“Twenty years from now you will be more disappointed by the things you didn’t do than by the ones you did do. So throw off the bowlines. Sail away from the safe harbor. Catch the trade winds in your sails. Explore. Dream. Discover.”

TravelHaven Tips – Cruise Trends: Higher Prices

Bad news for travelers, cruise vacations will have higher price tags in 2010. The low prices of 2009 are starting to disappear as demand rises. Last year many lines resorted to discounts to bring customers in. Like airfares, cruise prices go down when demand is weak until every cabin is filled.

What does this mean for consumers? “As the ship fills up, the prices go up,” said Paul Motter, editor at CruiseMates.com. “They give you the best prices six months to a year out, and at the very end, if there are still empty cabins, they discount them. The best way to get the best deal on a cruise is to book early. Almost all the cruise lines offer price guarantees, so if you see a price lower than what you booked, they will honor that.”

On the other hand, you can still find last-minute bargains in places where the market is “really soft,” according to Carolyn Spencer Brown, editor of CruiseCritic.com. She recommends bargain hunting in the Eastern Mediterranean, the Greek Isles, Turkey, and the Mexican Riviera.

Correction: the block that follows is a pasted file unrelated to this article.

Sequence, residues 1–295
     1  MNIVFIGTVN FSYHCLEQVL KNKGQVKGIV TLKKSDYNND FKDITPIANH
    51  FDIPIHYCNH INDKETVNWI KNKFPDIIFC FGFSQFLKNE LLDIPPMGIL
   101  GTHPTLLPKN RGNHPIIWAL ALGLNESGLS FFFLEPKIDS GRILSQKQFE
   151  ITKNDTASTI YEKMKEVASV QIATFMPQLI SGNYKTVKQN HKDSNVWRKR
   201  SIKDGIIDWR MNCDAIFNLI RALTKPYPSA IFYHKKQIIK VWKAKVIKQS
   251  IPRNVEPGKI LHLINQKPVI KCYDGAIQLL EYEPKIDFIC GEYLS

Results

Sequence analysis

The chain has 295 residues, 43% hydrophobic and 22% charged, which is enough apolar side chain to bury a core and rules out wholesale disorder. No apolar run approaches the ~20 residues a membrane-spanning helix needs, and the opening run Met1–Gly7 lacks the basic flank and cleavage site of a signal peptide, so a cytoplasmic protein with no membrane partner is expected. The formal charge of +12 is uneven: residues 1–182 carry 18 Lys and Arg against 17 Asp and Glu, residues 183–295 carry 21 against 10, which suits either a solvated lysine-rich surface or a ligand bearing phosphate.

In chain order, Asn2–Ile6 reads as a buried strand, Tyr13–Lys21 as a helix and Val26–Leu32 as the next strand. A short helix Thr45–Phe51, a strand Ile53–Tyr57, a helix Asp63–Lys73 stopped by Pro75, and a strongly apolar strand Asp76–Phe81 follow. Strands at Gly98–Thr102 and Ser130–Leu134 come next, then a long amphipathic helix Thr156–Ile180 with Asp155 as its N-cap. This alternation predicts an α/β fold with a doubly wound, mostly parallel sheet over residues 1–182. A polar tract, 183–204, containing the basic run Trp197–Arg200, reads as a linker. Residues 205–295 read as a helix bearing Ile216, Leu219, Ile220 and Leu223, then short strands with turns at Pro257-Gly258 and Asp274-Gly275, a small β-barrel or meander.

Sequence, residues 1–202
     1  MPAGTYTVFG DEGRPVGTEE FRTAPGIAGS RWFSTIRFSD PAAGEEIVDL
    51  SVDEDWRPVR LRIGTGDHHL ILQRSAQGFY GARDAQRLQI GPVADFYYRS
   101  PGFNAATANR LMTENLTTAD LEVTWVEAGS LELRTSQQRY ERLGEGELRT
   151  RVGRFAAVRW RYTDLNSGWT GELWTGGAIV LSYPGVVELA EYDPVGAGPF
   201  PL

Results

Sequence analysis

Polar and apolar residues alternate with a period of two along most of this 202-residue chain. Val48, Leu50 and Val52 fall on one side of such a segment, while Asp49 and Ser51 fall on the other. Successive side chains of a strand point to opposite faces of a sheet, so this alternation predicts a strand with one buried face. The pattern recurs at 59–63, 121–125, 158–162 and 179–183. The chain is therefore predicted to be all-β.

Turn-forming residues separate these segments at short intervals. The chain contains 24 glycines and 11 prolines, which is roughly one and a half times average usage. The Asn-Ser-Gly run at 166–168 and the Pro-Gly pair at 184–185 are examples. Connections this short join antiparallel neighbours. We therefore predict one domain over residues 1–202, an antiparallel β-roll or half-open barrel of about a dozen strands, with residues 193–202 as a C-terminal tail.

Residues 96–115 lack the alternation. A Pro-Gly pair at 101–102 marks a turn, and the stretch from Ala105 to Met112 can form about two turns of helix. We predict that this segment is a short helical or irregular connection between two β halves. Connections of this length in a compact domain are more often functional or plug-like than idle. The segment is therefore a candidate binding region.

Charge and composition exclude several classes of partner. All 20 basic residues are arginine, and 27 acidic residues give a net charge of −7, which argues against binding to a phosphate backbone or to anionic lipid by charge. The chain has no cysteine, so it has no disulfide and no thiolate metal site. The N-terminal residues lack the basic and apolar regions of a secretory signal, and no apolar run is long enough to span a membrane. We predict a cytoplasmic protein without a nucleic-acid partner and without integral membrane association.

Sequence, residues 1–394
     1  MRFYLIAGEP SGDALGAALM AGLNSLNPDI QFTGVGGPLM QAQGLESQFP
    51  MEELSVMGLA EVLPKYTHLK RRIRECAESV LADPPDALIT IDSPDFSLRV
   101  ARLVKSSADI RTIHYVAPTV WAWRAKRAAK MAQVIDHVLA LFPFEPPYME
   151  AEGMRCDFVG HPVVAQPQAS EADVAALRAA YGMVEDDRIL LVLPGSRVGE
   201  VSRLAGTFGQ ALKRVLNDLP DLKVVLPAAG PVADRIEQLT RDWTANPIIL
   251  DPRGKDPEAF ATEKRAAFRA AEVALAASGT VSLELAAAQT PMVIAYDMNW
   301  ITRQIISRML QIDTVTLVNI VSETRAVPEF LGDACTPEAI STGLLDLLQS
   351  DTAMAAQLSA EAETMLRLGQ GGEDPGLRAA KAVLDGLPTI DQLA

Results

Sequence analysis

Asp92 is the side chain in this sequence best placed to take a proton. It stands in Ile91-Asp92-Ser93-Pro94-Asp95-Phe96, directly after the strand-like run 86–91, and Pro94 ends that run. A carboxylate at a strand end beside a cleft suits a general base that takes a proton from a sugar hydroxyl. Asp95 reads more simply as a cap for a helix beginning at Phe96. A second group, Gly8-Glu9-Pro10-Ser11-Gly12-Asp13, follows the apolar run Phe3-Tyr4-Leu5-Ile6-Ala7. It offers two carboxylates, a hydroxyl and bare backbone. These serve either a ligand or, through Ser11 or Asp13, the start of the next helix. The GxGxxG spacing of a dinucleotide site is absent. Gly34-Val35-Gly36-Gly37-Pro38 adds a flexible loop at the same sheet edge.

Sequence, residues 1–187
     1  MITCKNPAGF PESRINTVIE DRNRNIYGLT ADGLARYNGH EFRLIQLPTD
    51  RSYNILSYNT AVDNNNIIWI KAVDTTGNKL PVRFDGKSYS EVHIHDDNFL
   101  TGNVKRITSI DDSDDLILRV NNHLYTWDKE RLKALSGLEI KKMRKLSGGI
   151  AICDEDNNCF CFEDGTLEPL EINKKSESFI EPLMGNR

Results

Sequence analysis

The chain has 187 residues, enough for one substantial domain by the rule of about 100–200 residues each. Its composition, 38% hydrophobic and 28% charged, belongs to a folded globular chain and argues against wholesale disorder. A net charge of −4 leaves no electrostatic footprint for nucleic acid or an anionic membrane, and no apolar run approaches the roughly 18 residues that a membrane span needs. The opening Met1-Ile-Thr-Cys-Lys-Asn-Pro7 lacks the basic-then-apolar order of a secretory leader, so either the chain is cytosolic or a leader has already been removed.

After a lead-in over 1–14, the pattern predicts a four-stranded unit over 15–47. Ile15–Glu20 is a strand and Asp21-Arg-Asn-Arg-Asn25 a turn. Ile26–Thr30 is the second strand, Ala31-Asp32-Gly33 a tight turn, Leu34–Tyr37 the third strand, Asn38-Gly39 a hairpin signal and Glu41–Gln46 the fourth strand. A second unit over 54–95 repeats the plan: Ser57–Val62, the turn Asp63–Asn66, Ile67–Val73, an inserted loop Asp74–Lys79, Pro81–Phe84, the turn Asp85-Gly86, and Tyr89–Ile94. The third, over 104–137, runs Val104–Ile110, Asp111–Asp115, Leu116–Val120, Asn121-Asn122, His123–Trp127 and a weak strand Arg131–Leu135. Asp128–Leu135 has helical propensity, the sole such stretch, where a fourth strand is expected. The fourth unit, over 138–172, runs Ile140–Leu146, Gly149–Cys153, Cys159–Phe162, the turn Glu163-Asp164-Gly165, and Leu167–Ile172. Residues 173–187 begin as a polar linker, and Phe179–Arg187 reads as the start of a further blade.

Despite the slow economy, most lines used attractive pricing and active marketing to keep their heads above water. Cruise Lines International Association (CLIA) said ships in 2009 sailed at 104 percent capacity on average, meaning that every room was occupied, and some rooms were shared by more than two people. At the same time, the number of passengers keeps increasing: 13.01 million people cruised on CLIA ships in 2008, 13.44 million in 2009 and a projected 14.3 million will sail in 2010.

One way U.S,-based cruises tried to keep their ships full to make up for slow growth in the North American market was by dramatically increasing the number of international passengers. The number of passengers from outside North America has doubled to more than 3 million a year since 2003, while the number of U.S. and Canadian passengers has increased by just 30 percent to 10.29 million.

“Maybe we are not recession-proof, but we are recession-resistant,” said Richard Sasso, CEO of MSC Cruises and marketing director of CLIA.

[Information for this post was taken largely from a story by the Associated Press.]